Monthly recurring revenue (MRR)

It’s typical of a subscription-based business to have a continual influx of new customers and drop off of the existing customers, which leads to ongoing fluctuations in your revenue. To control this process, companies rely on such a metric as monthly recurring revenue (MRR).

What is MRR (monthly recurring revenue)?

MRR, or monthly recurring revenue, is the expected total income your business earns from all active subscriptions in a given month. MRR embraces recurring charges from discounts and recurring add-ons but excludes one-time fees.

Being one of the most important metrics for subscription-based businesses, MRR can help predict future company revenue. 

How to calculate MRR

You can calculate MRR in a number of ways. Here are the most common MRR formulas:

Calculating MRR using customer-by-customer

This is a more thorough way of calculating MRR. It requires going through every single account and adding up their fees. You will know your exact base MRR this way.

Calculating MRR using ARPA (average revenue per account)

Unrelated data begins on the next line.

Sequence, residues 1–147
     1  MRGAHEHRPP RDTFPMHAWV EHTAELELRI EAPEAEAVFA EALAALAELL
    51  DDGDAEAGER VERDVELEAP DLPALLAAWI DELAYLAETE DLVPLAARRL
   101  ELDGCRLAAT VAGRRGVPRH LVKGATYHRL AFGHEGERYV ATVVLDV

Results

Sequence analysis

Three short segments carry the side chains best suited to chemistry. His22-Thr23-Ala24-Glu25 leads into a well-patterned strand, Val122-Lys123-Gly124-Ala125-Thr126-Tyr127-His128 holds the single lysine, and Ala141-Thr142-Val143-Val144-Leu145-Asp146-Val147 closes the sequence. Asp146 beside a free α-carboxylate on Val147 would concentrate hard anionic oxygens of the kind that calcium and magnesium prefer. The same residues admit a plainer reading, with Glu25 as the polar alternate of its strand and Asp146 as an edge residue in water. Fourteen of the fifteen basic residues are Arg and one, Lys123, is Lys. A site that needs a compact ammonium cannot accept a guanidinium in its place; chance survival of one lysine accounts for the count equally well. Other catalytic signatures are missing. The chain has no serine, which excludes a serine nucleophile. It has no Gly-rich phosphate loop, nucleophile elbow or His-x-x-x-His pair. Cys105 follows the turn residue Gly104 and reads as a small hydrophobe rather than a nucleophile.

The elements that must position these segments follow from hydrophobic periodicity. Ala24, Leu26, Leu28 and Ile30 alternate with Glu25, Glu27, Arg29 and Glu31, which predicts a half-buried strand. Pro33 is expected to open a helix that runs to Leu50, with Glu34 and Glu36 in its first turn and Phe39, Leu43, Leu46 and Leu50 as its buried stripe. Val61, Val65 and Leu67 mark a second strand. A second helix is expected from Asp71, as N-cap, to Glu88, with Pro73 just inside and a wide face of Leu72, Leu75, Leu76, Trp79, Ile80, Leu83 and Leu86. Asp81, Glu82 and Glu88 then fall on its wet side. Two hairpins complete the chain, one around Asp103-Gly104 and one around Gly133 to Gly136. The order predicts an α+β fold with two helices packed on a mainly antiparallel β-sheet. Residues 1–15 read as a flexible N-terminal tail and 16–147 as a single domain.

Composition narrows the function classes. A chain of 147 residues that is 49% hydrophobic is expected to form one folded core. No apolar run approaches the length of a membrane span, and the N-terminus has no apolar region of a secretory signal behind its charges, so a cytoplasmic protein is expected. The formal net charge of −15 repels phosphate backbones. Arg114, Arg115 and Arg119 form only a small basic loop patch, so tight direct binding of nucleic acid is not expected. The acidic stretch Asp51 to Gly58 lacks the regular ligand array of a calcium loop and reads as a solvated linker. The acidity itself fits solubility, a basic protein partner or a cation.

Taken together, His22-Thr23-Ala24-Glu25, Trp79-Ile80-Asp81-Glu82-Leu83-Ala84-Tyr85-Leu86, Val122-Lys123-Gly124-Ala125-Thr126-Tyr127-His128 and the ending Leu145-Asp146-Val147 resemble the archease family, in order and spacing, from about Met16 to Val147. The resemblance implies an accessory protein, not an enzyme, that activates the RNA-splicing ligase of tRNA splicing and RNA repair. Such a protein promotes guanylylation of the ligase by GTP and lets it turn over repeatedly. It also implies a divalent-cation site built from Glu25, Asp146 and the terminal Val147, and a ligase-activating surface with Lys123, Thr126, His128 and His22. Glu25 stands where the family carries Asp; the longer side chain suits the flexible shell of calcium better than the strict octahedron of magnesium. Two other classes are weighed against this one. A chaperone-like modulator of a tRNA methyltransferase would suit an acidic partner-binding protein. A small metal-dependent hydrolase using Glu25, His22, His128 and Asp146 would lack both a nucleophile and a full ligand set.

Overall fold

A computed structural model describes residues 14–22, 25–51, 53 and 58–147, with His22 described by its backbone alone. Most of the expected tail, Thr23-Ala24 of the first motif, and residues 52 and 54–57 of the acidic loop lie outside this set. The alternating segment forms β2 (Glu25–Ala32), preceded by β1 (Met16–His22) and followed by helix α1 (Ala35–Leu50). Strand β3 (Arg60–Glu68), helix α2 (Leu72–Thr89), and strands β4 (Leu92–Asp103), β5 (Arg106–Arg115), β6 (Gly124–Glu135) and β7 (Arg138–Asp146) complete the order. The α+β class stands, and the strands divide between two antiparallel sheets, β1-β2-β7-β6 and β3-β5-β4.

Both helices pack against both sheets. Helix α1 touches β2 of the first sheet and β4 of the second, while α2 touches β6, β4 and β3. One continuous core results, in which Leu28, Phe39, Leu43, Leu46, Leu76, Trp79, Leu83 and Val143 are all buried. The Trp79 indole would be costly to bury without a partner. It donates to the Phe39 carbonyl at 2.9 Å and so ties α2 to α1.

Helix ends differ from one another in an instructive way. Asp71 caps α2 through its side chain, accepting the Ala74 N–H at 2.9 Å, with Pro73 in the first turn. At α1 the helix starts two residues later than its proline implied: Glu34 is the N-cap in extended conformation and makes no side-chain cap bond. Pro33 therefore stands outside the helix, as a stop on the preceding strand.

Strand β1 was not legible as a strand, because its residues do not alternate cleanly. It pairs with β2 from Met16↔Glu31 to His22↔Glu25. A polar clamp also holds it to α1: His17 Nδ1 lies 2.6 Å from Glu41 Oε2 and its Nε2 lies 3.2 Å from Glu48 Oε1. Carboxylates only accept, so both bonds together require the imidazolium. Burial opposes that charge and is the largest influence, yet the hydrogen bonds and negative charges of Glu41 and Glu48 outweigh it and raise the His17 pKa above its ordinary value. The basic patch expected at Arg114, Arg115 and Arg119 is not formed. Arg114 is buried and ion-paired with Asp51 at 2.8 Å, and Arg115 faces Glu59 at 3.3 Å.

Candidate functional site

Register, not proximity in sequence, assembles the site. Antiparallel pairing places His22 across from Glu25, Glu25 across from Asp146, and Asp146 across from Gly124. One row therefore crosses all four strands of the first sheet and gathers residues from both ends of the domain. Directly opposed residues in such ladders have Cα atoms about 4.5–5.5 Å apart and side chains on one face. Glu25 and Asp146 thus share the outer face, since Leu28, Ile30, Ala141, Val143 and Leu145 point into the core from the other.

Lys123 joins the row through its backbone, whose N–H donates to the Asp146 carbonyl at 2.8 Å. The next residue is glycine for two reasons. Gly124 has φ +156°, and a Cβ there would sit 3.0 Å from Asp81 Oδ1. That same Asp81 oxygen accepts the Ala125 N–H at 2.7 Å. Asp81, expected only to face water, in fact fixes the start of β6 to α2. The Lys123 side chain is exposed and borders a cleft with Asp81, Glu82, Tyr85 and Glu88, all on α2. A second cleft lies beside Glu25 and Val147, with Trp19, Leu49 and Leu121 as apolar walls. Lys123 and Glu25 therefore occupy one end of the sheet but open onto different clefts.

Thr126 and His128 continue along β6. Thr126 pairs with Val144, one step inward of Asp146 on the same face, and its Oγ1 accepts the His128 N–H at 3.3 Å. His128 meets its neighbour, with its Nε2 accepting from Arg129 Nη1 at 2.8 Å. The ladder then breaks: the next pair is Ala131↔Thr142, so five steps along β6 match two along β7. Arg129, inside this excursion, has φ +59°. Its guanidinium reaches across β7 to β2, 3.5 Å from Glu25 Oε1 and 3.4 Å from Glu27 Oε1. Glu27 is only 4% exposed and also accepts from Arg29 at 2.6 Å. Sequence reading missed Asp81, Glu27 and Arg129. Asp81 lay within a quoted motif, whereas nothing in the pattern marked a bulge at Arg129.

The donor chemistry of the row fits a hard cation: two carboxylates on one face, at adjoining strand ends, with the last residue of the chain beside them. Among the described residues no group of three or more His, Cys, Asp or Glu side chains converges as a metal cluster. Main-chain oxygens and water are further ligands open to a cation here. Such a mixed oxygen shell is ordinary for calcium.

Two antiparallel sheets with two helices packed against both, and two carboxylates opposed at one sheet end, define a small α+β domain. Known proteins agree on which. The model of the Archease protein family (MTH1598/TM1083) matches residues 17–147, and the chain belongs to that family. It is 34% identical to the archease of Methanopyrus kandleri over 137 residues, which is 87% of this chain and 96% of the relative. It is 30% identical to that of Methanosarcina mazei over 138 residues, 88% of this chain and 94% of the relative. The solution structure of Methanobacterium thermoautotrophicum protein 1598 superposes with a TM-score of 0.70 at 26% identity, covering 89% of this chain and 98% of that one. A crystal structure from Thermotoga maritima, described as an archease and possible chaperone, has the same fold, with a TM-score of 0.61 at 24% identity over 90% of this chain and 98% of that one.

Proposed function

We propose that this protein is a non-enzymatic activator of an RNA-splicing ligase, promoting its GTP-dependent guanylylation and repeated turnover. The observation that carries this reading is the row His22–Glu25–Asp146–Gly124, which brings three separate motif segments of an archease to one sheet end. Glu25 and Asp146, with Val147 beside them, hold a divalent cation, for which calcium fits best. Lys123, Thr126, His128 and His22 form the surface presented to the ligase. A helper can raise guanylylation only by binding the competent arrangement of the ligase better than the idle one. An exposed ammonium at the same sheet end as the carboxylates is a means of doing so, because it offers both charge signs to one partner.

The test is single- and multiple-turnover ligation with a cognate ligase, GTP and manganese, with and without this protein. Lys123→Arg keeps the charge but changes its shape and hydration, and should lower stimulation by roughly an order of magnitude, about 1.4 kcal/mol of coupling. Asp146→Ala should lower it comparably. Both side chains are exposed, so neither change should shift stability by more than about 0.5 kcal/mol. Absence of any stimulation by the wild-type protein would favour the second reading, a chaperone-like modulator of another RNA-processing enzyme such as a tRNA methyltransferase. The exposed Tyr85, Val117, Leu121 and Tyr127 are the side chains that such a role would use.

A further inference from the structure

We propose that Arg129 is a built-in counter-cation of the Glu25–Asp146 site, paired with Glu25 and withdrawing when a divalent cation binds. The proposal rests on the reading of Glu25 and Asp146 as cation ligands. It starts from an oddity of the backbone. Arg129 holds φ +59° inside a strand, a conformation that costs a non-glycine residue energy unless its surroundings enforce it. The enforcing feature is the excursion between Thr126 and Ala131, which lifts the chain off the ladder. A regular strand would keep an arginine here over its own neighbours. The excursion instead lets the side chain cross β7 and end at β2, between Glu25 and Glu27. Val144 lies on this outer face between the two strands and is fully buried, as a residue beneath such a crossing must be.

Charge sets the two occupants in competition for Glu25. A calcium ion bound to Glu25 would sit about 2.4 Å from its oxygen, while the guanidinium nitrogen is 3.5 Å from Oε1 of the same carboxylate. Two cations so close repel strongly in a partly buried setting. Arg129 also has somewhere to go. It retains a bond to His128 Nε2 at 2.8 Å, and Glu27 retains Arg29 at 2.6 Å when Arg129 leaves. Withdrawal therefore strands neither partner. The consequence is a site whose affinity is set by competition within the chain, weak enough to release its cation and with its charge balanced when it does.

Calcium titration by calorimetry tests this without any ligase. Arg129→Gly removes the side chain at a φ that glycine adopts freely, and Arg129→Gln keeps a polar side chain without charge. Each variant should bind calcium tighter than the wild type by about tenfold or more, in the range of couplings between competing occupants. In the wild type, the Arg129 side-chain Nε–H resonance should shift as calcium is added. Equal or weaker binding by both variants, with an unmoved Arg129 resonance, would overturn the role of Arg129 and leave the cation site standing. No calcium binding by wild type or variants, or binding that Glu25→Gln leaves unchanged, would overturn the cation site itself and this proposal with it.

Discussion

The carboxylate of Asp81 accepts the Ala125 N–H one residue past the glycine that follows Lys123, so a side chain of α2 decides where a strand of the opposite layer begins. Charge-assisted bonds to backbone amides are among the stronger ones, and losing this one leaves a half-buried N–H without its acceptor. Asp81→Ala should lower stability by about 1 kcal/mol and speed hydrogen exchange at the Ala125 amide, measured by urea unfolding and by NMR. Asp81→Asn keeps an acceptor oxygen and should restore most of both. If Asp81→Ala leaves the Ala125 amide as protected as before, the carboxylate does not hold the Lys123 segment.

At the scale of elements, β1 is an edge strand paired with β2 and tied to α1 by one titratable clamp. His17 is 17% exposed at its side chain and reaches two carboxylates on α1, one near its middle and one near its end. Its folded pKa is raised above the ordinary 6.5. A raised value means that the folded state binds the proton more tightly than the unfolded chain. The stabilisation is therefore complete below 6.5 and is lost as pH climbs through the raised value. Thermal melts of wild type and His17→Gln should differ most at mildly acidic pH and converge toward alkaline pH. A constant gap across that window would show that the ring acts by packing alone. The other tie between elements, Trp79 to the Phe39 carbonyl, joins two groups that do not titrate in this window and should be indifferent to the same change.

Calculating MRR using ARPA is a relatively simple equation. First, though, you must calculate ARPA, which requires setting a defined time period (usually a month, but sometimes a quarter or year) according to your billing options. The total revenue from all accounts during that determined time period divided by the number of accounts gives you the ARPA. 

ARPA formula

For example, if you have two accounts, one bringing in $100 and the other $300, the ARPA would be $200.

In order to calculate MRR, you multiple ARPA by the total number of accounts for the month. Using our previous example of an ARPA of $200 between 2 customers, the MRR would equal $400. It’s a quick and easy way to predict revenue, which is priceless for planning ahead.  

MRR formula using ARPA

You may want to have separate MRR calculations for existing and new customers in order to have a more complete and accurate prediction. 

Other sections of MRR for calculating a comprehensive view of revenue